Generally, the engine sound synthesizer may be regarded as a “black box” that retrieves (i.e., selects) a set of model parameters (e.g., from model parameter database DB residing in a memory) dependent on a guide signal; it then uses these model parameters to synthesize a resulting engine sound signal that corresponds to the guide signal. A set of model parameters may include, for example, fundamental frequency f0, higher harmonics f1, f2, . . . , fN, the corresponding amplitude values A0, A1, A2, . . . , AN and phase values (φ0, φ1, φ2, . . . , φN and the power spectrum of the residual noise. The guide signal may be a scalar signal (e.g., the rpm signal representing the rotational speed of the engine) or a vectorial signal representing a set of at least two scalar signals including the rpm signal, an engine load signal, a throttle position signal or the like. A specific guide signal value (e.g., a specific rotational speed or engine load) unambiguously defines a respective set of model parameters, which may be obtained as explained above with regard to FIGS. 1-4. In other words, the model parameters are a function of the guide signal.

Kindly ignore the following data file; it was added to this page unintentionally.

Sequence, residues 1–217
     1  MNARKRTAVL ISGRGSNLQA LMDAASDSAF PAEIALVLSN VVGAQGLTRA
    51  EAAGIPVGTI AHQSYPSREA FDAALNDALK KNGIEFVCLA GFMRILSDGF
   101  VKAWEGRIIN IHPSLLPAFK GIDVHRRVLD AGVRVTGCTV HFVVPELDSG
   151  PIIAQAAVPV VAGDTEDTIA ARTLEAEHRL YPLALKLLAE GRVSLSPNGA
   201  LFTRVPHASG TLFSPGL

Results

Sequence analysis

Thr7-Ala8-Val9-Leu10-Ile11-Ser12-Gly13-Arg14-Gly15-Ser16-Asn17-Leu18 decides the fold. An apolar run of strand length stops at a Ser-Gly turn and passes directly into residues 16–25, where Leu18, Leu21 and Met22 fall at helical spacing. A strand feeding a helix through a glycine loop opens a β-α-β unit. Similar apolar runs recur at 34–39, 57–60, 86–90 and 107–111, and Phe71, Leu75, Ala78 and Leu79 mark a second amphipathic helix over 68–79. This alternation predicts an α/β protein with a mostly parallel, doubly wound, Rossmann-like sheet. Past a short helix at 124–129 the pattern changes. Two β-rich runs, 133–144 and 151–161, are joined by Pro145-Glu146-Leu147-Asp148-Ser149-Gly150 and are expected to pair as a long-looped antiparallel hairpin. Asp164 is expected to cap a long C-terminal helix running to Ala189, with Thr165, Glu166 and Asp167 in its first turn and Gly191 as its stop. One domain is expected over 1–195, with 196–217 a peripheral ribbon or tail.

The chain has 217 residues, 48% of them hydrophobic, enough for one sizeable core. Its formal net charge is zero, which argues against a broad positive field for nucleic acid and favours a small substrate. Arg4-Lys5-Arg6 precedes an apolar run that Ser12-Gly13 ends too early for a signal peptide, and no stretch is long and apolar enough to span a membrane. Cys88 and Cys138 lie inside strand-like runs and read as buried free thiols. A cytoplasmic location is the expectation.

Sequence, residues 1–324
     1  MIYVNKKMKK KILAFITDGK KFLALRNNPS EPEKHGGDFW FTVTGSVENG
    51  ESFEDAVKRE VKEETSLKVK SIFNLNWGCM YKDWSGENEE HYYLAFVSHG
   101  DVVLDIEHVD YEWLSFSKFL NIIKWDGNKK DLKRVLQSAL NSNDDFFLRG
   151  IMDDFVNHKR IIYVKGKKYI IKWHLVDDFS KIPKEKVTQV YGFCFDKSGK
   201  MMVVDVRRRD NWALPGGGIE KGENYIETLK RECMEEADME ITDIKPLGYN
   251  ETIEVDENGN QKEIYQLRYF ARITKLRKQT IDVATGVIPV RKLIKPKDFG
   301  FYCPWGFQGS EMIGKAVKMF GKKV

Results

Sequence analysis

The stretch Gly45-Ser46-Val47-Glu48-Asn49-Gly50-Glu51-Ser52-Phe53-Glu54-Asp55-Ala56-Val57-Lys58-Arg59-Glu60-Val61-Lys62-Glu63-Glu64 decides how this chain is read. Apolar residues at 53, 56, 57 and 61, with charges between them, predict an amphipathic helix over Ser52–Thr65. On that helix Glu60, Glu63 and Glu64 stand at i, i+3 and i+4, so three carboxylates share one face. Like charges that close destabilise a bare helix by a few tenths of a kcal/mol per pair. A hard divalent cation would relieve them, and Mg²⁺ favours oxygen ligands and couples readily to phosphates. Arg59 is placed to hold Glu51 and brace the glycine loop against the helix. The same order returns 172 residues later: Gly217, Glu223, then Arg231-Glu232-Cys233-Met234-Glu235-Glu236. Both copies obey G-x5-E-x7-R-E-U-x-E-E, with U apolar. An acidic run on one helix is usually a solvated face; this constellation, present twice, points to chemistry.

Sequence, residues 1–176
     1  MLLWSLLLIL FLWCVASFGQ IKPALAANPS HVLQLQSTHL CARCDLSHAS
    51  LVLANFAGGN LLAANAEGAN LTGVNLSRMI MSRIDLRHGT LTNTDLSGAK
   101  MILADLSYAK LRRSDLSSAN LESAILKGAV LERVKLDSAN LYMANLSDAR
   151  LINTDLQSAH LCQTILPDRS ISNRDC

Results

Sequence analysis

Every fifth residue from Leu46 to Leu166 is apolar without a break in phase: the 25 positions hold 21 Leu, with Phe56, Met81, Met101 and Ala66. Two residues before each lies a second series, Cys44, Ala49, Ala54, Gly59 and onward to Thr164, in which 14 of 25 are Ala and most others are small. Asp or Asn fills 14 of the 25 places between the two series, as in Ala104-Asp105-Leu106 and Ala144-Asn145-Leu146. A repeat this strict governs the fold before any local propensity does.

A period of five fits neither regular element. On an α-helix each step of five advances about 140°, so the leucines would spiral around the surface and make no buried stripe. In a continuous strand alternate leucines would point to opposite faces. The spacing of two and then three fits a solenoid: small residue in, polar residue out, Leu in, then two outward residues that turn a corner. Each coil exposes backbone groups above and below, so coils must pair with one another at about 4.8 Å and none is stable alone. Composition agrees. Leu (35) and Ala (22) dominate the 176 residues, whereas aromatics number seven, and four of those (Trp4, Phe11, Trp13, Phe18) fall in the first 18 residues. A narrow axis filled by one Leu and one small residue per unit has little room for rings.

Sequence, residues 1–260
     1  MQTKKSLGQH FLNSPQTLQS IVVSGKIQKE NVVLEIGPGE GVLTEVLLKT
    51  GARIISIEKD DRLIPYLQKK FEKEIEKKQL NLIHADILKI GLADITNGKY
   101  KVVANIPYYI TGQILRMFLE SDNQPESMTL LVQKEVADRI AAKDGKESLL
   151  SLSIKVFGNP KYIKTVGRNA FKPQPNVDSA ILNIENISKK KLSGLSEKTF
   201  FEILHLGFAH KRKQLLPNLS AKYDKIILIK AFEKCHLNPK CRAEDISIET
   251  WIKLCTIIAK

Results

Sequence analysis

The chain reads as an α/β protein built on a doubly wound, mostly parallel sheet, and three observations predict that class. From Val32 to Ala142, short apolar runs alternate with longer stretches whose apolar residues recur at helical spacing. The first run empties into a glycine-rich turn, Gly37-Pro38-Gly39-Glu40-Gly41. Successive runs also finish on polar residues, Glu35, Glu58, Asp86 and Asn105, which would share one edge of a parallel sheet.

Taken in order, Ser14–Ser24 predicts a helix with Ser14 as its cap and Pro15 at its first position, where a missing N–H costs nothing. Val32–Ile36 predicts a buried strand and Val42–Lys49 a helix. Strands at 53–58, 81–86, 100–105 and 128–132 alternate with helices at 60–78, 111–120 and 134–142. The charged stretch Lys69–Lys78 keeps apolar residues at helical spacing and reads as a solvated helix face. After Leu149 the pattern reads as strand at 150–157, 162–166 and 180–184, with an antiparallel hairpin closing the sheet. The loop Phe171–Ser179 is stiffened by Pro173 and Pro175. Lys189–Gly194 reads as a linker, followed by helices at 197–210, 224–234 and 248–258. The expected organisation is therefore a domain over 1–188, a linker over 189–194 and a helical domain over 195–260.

The model parameters are determined once for various values of the guide signals and are stored as model parameter database DB in, e.g., a non-volatile memory. The model parameters represent the desired engine sound for various situations (represented by the guide signal). However, the synthetic engine sound, which is actually perceived by a person sitting in an electric car, may vary depending on the geometry of the car cabin. That is, the same engine sound represented by the same model parameter database DB may generate different sound impressions for a listener (e.g., the driver or the passenger) in a city car, a family car and a full-size car. The different sound impressions are mainly due to different sizes and shapes of the car cabin.